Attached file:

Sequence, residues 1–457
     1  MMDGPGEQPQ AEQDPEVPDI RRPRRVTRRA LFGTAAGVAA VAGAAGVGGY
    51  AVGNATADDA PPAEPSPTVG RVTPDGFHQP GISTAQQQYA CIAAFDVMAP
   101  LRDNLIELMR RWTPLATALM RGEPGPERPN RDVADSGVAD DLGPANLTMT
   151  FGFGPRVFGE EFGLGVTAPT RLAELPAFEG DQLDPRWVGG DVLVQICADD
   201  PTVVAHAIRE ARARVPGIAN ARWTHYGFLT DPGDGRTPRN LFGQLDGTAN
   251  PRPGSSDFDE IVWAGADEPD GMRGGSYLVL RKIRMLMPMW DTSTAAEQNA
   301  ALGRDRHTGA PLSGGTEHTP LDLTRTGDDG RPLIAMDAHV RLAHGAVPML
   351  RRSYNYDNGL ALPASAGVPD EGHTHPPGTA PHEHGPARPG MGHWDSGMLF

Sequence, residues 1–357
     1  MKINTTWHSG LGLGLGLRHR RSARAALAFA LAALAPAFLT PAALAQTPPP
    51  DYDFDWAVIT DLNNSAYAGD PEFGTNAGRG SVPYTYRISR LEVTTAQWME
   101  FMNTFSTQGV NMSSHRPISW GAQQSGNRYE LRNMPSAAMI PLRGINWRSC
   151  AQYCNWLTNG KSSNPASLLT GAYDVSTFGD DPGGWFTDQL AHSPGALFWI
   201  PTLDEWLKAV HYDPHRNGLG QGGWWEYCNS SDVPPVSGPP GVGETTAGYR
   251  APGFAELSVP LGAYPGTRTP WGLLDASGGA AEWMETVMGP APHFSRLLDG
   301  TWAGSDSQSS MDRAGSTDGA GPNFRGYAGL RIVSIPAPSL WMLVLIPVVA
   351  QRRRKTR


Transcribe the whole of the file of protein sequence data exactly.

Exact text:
Sequence, residues 1–457
     1  MMDGPGEQPQ AEQDPEVPDI RRPRRVTRRA LFGTAAGVAA VAGAAGVGGY
    51  AVGNATADDA PPAEPSPTVG RVTPDGFHQP GISTAQQQYA CIAAFDVMAP
   101  LRDNLIELMR RWTPLATALM RGEPGPERPN RDVADSGVAD DLGPANLTMT
   151  FGFGPRVFGE EFGLGVTAPT RLAELPAFEG DQLDPRWVGG DVLVQICADD
   201  PTVVAHAIRE ARARVPGIAN ARWTHYGFLT DPGDGRTPRN LFGQLDGTAN
   251  PRPGSSDFDE IVWAGADEPD GMRGGSYLVL RKIRMLMPMW DTSTAAEQNA
   301  ALGRDRHTGA PLSGGTEHTP LDLTRTGDDG RPLIAMDAHV RLAHGAVPML
   351  RRSYNYDNGL ALPASAGVPD EGHTHPPGTA PHEHGPARPG MGHWDSGMLF

Sequence, residues 1–357
     1  MKINTTWHSG LGLGLGLRHR RSARAALAFA LAALAPAFLT PAALAQTPPP
    51  DYDFDWAVIT DLNNSAYAGD PEFGTNAGRG SVPYTYRISR LEVTTAQWME
   101  FMNTFSTQGV NMSSHRPISW GAQQSGNRYE LRNMPSAAMI PLRGINWRSC
   151  AQYCNWLTNG KSSNPASLLT GAYDVSTFGD DPGGWFTDQL AHSPGALFWI
   201  PTLDEWLKAV HYDPHRNGLG QGGWWEYCNS SDVPPVSGPP GVGETTAGYR
   251  APGFAELSVP LGAYPGTRTP WGLLDASGGA AEWMETVMGP APHFSRLLDG
   301  TWAGSDSQSS MDRAGSTDGA GPNFRGYAGL RIVSIPAPSL WMLVLIPVVA
   351  QRRRKTR